Cullen Roche over at Pragmatic Capitalism recently asked “What’s the bond market telling us?” His answer was as follows:
“The bond market is telling us that inflation is currently low. But don’t assume that those bond traders are necessarily right about future inflation expectations…”
Factually, that shot is wildly off-target, but it’s the prevailing consensus I’ve been reading and hearing.
My own answer looked at the data…
I’m going as far as to call the bond market wrong here [attributable to a #Recency bias]. A 50bp+ drop in 10y seems myopically focused on -1% Q1 GDP. Q2 is tracking higher (3-4%), confirming the weather-related, pent-up demand argument. (Look at rail traffic +4.2% ytd, durable goods/CapEx all +3% y/y after q1′s GDP inventory drawdown, and strong ISM/PMIs.)
Doing the math using [the current $TNX nominal yield and] TIPS implied figures:
2.48% 10y = 0.26% TIPS real GDP growth + 2.22% inflation average annual for the next 10 years
Now, that 2.22% avg annual inflation might be too high for the next decade’s average, but the 0.26% avg real growth is way too low for my taste — even factoring-in 1 or 2 recessions. A 3% 10y seems fair to me, considering a 2% real GDP trend, 1.6% PCE run-rate, 2.48% 5y5y forward inflation breakeven¹, and a recession in there somewhere.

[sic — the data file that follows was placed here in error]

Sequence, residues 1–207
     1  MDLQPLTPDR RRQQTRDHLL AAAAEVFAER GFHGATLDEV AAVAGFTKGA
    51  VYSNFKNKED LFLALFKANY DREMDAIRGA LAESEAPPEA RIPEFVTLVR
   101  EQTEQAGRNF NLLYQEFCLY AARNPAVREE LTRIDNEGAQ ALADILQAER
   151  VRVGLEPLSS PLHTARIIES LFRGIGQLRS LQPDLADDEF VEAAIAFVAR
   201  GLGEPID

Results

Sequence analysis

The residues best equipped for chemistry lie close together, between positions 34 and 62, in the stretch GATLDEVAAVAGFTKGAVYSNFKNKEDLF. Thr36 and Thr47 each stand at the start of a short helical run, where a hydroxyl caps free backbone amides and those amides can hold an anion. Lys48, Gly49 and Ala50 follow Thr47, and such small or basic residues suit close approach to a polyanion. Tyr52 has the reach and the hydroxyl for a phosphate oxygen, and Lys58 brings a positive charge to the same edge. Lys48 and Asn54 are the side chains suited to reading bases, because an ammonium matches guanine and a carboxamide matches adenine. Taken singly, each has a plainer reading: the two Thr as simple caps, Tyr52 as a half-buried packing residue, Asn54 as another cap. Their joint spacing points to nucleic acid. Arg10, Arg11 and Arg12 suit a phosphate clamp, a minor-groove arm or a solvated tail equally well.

If Tsy buyers are afraid of US corporations’ health, then IG & HY spreads wouldn’t be at record tights. (I don’t think these absolute and relative HY spreads are sustainable, but you’d be seeing a widening if bond-buyers were flying to safety.)
At very most, we’ve fallen to a 2.40% 10y because of technical reasons:
- Correlation trade w international CBs verbally committed to further QE/easing
- US pensions reallocating to a glide path
First off, those involved in capital markets should refrain from the use of “always.” In finance, there are no inviolable laws and certainly no guarantees, but far too often I hear some maxim about the bond market being some unwavering, smart money, north star.
Second, objectively, the bond market is forecasting low growth, not low inflation. I’m definitely going as far as to call the bond market wrong in that assumption. With the 10y now < 2.50 and implying an average annual real GDP growth rate of 0.26% over the next decade, I’m taking the over.
As always, the money where my mouth is. I’ve beat-the-drum twice when the 10y stretched over 3% recently, and twice (I & II) we tactically bought duration then enjoyed a 50bp retracement in TNX. I’m selling duration now, because base rate yields like the 10y will rally from here. I hate credit at these spreads too, so our tactical fixed income allocation is getting tucked into cash.
¹5y5y TIPS implied forward inflation breakeven updated as of 5/30/2014